Pirates vs. Publishing Industries: a Stalemate

On: March 18, 2013
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About Crispijn Sleeboom


   

Scenario #1: Pirates are vicious freeloaders, the artists are their victims and the publishing industries have the artists’ best interests at heart. Scenario #2: the publishing industries are evil, capitalist scum who only care for money, the artists are their victims and the pirates are copyright-bucking rebels who fight for freedom of information and art. When talking about digital piracy, both scenarios are prevalent, depending on whom you ask: either the publishers are the villains, or the pirates are. Contrast and compare: in the article ‘Can Low Self-Control Help with the Understanding of the Software Piracy Problem’ by George E. Higgins, the habit to download illegally is linked to low self-control (a personality trait we traditionally regard as a vice), and downloading illegally is immediately characterized as being a selfish, self-gratifying and, most importantly, criminal act of force; in an interview conducted by Matthew Fuller, Sean Dockray characterizes the publishing world as forcibly introducing scarcity into the system, against the wishes of both the audience and the authors, painting university presses as money-grubbing, mustache-twirling capitalists. These narratives are obviously diametrically opposed, and it should be obvious which parties in this debate are partial to which narrative.

 

 

 

Of course, both of these narratives come with their own little linguistic tricks. Pirates liken themselves to freedom fighters, while the publishing industries liken them to thieves. The artists, whose work is the focus of the debate, are generally torn on which party to side with. It’s not hard to see why: both sides have good arguments to defend themselves with. The publishing industries’ arguments are fairly straightforward: downloading movies, books and music without paying for them is doing the producers of these items a disservice and effectively robbing them of money. According to the letter of the law in the Western world, this is true, and since the ideas of copyright and authorship are deeply ingrained into our public consciousness, this makes this the dominant narrative. Pirates are common thieves. Pirates, naturally, disagree.

 

According to Kevin F. Steinmetz & Kenneth D. Tunnell in ‘Under the Pixelated Jolly Roger: a Study of On-Line Pirates’, Pirates use so-called techniques of neutralization to subvert the dominant narrative and claim the moral high ground. They have a number of concurrent arguments, which are as follows:

  1. Denial of responsibility, which is basically the same as pleading ‘not guilty’: since the law enforcement can’t actually witness the act of pirating but can only follow the content around on the net, pirates can claim that somebody used their open wireless connection to upload and distribute illegally. This is more a legal argument than a moral one, since it only shifts the blame, and doesn’t actually morally excuse the actions of pirates as a whole.
  2. Denial of injury, where the pirates claims that piracy is a victimless crime. (Then again, this also how guys who have sex with corpes defend themselves.) Basically, they say that downloads don’t significantly harm the profit margins of the publishing industries. This claim has, as of yet, been impossible to verify or deny.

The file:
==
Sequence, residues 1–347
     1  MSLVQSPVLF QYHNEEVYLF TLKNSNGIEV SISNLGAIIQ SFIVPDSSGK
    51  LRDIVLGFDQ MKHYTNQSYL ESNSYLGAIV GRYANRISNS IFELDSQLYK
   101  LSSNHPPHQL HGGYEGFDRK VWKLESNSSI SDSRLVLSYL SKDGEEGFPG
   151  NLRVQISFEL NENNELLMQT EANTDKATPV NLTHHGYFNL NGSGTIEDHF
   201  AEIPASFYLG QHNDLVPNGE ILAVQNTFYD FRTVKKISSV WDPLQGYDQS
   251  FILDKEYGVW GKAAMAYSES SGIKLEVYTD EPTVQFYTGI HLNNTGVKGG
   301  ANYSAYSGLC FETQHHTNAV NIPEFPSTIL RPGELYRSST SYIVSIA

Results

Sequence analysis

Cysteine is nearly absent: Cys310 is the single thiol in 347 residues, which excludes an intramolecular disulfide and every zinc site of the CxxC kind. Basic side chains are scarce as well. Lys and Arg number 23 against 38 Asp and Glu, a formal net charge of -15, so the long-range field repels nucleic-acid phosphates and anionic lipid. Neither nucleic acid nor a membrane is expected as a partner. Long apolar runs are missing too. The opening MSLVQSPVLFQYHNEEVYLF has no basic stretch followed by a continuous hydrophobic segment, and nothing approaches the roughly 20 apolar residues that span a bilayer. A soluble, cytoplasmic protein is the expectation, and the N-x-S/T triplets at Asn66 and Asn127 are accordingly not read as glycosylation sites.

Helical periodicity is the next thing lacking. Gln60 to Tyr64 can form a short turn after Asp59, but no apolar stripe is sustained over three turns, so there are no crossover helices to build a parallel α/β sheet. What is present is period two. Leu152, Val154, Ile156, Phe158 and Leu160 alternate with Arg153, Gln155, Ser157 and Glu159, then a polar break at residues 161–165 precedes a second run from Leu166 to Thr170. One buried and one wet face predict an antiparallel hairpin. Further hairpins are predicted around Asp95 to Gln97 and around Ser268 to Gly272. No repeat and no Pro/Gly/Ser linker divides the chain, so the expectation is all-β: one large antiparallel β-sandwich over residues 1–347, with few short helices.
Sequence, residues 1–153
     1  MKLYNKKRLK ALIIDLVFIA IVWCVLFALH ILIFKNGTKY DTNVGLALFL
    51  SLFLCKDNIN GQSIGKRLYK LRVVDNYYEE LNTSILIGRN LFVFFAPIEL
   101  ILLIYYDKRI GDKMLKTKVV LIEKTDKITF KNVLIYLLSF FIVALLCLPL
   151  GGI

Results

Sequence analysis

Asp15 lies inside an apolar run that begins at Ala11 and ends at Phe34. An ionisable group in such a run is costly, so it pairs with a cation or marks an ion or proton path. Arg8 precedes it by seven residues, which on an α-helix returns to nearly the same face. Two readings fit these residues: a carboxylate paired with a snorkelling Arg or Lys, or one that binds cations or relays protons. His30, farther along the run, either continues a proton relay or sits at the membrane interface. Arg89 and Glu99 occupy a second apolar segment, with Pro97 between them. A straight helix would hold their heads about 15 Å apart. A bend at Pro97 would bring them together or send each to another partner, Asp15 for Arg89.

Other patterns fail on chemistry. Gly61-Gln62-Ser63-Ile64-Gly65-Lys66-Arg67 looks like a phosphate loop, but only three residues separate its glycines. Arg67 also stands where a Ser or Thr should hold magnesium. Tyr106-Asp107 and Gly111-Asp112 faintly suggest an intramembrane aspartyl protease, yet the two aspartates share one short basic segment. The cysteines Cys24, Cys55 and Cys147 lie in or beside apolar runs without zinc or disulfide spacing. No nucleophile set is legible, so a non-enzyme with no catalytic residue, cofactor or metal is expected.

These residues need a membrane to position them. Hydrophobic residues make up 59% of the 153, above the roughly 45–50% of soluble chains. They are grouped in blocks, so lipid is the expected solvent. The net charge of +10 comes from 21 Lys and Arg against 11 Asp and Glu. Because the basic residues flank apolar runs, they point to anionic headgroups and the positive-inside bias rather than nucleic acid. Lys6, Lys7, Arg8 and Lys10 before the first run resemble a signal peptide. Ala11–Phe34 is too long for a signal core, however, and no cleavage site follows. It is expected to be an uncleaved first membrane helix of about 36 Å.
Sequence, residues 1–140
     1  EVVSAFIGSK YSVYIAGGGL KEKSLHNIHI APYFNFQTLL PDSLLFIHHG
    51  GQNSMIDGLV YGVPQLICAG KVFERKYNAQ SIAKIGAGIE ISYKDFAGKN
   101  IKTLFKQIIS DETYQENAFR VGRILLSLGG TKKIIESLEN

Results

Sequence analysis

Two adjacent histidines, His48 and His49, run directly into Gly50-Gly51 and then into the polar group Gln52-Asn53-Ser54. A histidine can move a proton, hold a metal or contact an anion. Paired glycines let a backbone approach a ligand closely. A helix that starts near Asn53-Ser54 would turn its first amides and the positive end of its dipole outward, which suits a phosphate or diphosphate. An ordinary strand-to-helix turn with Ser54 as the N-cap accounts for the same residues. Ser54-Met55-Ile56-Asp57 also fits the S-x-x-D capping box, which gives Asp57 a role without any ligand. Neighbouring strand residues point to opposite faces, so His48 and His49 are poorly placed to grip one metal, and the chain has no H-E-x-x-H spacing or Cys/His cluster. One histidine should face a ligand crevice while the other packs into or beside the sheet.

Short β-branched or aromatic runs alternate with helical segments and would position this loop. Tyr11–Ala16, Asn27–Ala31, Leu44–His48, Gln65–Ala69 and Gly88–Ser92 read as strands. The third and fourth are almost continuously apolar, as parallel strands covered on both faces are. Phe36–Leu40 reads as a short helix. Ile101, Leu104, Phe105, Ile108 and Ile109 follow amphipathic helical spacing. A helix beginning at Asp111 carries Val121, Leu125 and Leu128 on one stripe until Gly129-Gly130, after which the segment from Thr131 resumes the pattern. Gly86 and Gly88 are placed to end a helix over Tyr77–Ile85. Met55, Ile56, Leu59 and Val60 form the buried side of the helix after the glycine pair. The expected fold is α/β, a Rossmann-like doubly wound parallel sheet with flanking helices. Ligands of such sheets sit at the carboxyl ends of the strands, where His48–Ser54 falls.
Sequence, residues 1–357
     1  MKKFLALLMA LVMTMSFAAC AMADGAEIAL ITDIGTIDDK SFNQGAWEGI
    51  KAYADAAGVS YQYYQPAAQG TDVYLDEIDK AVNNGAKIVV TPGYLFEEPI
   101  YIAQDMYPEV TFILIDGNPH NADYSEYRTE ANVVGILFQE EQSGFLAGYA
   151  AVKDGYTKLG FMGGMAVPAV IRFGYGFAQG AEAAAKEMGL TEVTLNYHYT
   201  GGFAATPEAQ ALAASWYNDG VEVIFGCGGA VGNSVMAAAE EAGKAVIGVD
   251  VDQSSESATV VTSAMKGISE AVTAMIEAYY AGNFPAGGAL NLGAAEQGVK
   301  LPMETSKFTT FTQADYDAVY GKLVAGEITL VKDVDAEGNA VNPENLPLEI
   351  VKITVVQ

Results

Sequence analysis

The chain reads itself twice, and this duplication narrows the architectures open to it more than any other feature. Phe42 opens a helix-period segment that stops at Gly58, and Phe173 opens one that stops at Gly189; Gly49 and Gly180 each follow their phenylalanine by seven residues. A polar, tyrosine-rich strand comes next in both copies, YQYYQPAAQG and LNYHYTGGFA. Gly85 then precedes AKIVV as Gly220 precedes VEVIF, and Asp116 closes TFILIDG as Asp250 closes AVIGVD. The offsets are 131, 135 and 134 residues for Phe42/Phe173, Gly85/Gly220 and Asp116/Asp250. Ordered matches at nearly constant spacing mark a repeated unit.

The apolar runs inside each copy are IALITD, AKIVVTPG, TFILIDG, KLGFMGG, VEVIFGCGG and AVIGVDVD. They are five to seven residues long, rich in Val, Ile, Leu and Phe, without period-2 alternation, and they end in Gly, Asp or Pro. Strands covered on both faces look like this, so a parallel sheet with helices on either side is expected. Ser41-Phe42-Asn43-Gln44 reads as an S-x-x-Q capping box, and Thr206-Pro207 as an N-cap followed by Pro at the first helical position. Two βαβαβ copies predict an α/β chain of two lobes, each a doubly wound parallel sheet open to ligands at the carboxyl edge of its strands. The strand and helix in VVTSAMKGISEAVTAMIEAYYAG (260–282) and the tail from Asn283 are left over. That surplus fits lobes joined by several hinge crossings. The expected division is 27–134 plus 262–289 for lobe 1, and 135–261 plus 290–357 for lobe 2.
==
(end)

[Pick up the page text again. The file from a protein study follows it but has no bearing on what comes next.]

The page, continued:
3. Denial of the victim, where the pirates claim that there’s not really a victim at all. The claim here is that, since the files downloaded are basically immaterial, there’s no genuine theft taking place. This is more a philosophical point, and easily dismissed by pointing out that you are, technically, distributing the fruit of someone’s labor without paying for it.
  4. Condemnation of the Condemners, where the pirates don’t excuse their own actions, but instead paint the actions of the publishers as wrong. By this logic, two wrongs make a right.
  5. Appeal to Higher Loyalties, where the pirates appeal to ideals to defend their actions. Such ideals are Free Culture, antiauthoritarianism, and an idea of anti-copyright.

 

Pirates generally defend their actions with a combination of the second, third and fifth argument, while also appealing to the audience by allowing them a convenient way to find self-gratification through media. However, since they are a deviant voice in the dominant system, their ideals generally clash with the existing situation. Pirates, for example, want to share products that are of a high quality, have good production values, and are thus expensive to produce, but are unwilling to pay for them. The producing industries, on the other hand, experience a similar clash: pirates are unlawful, but it has turned out to be damned hard for the law to actually catch them.

 

One of the problems in these two opposing forces might be the fact that tend to dialectally oppose each other. When discussing this topic, both groups define themselves through the other group, using the opponent to place themselves on a moral high ground. This leads (and has led) to an inconclusive stalemate, time and time again. Perhaps it’s time for a synthesis, where the feuding parties set aside their differences and try to work out a more productive way of cooperation, where a compromise between these two different sets of ideals is reached.

 

 

 

Matthew Fuller, ‘In the Paradise of Too Many Books: An Interview with Sean Dockray’, Mute Magazine (May 2011).

George E. Higgins, ‘Can Low Self-Control Help with the Understanding of the Software Piracy Problem’, Deviant  Behavior (2004), p. 1 – 24.

Kevin F. Steinmetz & Kenneth D. Tunnell, ‘Under the Pixelated Jolly Roger: a Study of On-Line Pirates’, Deviant Behavior (November 2012), p. 53 – 67.

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